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Mu (negative)
Chinese name
Traditional Chinese
Simplified Chinese
Japanese name
Kanji
Hiragana
Korean name
Hangul
Hanja
The character 無 in cursive script. See also an animation showing the stroke order for calligraphy.
The character 無 in seal script.

Mu (Japanese/Korean), and Wu (Chinese traditional: , simplified: pinyin: Jyutping: mou2), is a word which has been roughly translated as "no", "none", "null", "without", and "no meaning". While used in Japanese and Chinese mainly as a prefix to indicate the absence of something (e.g., 無線/无线 musen or wúxiàn for "wireless"), in English it is better known as a response to certain koans and other questions in Zen Buddhism, intending to indicate that the question itself was meaningless.

The best-known mu koan is as follows: A monk asked Zhaozhou Congshen, a Chinese Zen master (known as Jōshū in Japanese), "Has a dog Buddha-nature or not?" Zhaozhou answered, "Wú" (in Japanese, Mu).[1] Some earlier Buddhist thinkers maintained that animals did have the Buddha-nature, others believed that they did not.[citation needed] Therefore, to answer "no" is to deny their wisdom, whereas to say "yes" is to blindly follow their teachings. Zhaozhou's answer has been interpreted to mean that such categorical thinking is a delusion, that yes and no are both right and wrong. This koan is traditionally used by Rinzai school to initiate students into Zen study.[citation needed]

Cultural references

For example, it's stated over and over again that computer circuits exhibit only two states, a voltage for "one" and a voltage for "zero." That's silly! Any computer-electronics technician knows otherwise. Try to find a voltage representing one or zero when the power is off! The circuits are in a mu state. [2]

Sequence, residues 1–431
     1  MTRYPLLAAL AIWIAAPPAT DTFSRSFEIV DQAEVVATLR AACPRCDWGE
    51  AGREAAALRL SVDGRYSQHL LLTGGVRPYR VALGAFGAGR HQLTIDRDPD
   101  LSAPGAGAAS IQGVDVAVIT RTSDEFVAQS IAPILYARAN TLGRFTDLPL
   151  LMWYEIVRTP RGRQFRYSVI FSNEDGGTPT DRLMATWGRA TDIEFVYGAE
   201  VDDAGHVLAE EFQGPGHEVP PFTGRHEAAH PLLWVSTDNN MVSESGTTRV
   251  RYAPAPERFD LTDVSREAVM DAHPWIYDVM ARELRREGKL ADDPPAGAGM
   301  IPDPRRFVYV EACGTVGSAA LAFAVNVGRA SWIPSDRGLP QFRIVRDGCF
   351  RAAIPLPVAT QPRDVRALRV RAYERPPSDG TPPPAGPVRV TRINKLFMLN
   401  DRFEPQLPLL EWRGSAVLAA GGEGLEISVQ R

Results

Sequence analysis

• According to the Jargon File, a collection of hacker jargon and culture, mu is considered by Discordians to be the correct answer to the classic logical fallacy of the loaded question, "Have you stopped beating your wife?"[3] Assuming that you have no wife or you have never beaten your wife, the answer "yes" is wrong because it implies that you used to beat your wife and then stopped, but "no" is worse because it suggests that you have one and are still beating her. As a result, some Discordians proposed "mu" as the correct answer, which to them means, "Your question cannot be answered because it depends on incorrect assumptions."[3]

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Notes

  1. ^ Aitken, Robert, ed. and trans. (1991). The Gateless Barrier: The Wu-men Kuan (Mumonkan). San Francisco: North Point Press. ISBN 0-86547-442-7. 
  2. ^ Pirsig, Robert M. (2000). Zen and the Art of Motorcycle Maintenance: An Inquiry into Values. New York: Harper Perennial. p. 328. First Perennial Classics edition. ISBN 0060958324. 
  3. ^ a b Mu. The Jargon File 4.4.7 (2003).

References

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